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For the past eight years the Patriots have come into the season as a heavy favorite to compete for the Vince Lombardi Trophy, and deservedly so.
In 2002, 2004, and 2005 the Pats were coming off of championship seasons. In 2007, New England acquired Randy Moss and gave Tom Brady his first true number one receiver of his career.
In 2008, the Patriots were coming off of an undefeated regular season and a last second loss in Super Bowl XLII. In 2009 the team of the decade was getting back it’s starting quarterback from injury for only his second start since his record-breaking 50 touchdown ’07 season.
Now in 2010, the Super Bowl swagger that the Pats bring into the season year after year is gone. They aren’t coming off of any Super Bowls, or undefeated seasons, or free agent acquisitions. The Patriots are coming off of a season in which they were pummelled in a first round home playoff loss by a Baltimore offense whose passing game consisted of four completions for 34 yards and an interception.
Brady and Belichick may still be at the helm but things have changed in New England. Here are four BIG reasons why the Patriots are no longer scary.
1. Experience – There may not be a more experienced quarterback in the NFL than Tom Brady, but even Tom Terrific needs a supporting cast. The Pats are expected to have just eight players on the 2010 53-man roster that have won Super Bowls in New England. The average age of those eight players is over 31 and many of them won’t be able to duplicate their performance during the Super Bowl era.
The Patriots don’t bring that championship confidence and experience to the table anymore. Players such as Brandon Meriweather, James Sanders, and Jerod Mayo are young and haven’t experienced the championship success the few veterans have. Sanders, Meriweather, and Mayo don’t intimidate teams like Harrison, Samuels, and McGinest did.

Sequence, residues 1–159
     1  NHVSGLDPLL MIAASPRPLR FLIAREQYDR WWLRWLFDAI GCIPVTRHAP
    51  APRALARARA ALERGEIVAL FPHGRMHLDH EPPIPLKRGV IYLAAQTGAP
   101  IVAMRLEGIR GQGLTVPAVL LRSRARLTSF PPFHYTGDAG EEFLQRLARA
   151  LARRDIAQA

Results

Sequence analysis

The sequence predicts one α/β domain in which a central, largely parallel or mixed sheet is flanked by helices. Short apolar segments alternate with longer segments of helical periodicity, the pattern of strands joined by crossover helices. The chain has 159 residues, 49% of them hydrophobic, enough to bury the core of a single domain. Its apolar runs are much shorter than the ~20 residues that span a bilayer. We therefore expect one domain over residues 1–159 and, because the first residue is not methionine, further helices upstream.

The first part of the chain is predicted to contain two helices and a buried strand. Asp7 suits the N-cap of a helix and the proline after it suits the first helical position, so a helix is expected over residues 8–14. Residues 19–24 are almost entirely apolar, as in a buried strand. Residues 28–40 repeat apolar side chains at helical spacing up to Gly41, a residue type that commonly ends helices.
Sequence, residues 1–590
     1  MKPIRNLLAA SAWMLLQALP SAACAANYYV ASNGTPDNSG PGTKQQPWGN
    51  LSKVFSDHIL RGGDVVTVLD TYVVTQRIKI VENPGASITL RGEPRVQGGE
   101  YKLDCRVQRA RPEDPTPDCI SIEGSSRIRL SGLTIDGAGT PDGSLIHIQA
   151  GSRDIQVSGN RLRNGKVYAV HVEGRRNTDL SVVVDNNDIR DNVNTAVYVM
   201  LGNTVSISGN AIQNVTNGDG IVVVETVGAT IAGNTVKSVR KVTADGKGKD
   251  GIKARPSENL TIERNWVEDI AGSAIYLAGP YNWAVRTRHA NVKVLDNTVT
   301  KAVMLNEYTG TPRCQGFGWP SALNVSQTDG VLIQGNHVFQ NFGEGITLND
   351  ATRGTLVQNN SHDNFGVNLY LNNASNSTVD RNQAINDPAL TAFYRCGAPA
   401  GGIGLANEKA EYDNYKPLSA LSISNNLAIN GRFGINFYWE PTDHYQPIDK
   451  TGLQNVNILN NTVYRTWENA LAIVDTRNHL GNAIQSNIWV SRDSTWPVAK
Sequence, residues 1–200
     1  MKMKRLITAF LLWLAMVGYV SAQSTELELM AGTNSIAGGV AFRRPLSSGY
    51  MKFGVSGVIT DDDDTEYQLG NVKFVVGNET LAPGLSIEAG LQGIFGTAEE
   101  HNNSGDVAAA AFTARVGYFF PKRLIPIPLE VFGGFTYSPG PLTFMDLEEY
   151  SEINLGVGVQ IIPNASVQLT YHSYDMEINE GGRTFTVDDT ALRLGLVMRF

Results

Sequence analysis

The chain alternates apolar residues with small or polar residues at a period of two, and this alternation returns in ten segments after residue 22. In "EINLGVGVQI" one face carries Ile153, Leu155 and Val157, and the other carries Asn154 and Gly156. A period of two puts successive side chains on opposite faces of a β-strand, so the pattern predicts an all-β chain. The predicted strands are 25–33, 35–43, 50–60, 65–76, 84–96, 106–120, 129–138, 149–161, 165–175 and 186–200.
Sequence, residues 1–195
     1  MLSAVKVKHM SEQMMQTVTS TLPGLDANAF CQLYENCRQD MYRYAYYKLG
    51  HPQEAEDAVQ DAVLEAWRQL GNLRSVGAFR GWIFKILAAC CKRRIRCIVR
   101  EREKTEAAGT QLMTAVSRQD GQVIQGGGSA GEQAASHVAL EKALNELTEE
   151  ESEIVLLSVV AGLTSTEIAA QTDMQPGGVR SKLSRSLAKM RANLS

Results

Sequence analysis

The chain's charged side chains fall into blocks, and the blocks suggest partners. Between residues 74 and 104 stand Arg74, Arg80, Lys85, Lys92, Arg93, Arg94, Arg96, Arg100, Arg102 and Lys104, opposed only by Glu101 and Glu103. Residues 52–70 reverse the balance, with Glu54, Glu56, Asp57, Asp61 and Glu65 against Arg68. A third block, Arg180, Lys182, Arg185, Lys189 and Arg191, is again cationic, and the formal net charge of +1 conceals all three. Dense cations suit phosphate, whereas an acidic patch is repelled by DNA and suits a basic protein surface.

2. Run Defense – Most of New England’s problems reside on the defensive side of the football. The Bruschis, Vrabels, and Seymours are no longer punishing ball carriers. That task is left up to Pierre Woods, Gary Guyton, and Mike Wright. Most fans outside the AFC East are probably wondering who the heck those guys are and that’s my point. The big names on defense are few and far between.
Sure Vince Wilfork and Ty Warren are two plugs up front, but where were they in the playoff loss to Baltimore? New England’s 23rd ranked rush defense gave up 234 rushing yards including an 83-yard Ray Rice touchdown run on the first play of the game in the 33-14 Raven drumming.
On third downs when the defense needed to step up the most, they allowed the Baltimore rushing attack to convert 10-16 times and keep Brady off the field. On a day when Joe Flacco had a passer rating of 10.0 and Baltimore offensive coordinator Cam Cameron was scared to even attempt a pass, the Patriots allowed Ray Rice, Willis McGahee, and the rest of the Raven rushing attack to shove it down their throats.
3. Schedule – While this may not be a reflection of the Patriots as a team, it certainly will reflect their record. The Patriots have one of the toughest records in the NFL this season for many reasons.
One, they are a defending division champ so that means they play all of the other AFC division champs. Those games include home games versus the Bengals and the Colts and a road trip to San Diego.
The second reason the Pats schedule is so tough is because of the two divisions they must play. The AFC East is paired up with the AFC North and the NFC North in 2010. That means home games versus Baltimore, Green Bay, and Minnesota and road trips to Chicago and Pittsburgh. Chicago should be improved with the pairing of Mike Martz with Jay Cutler and Pittsburgh will not have the championship hangover 9-7 season they had in ’09.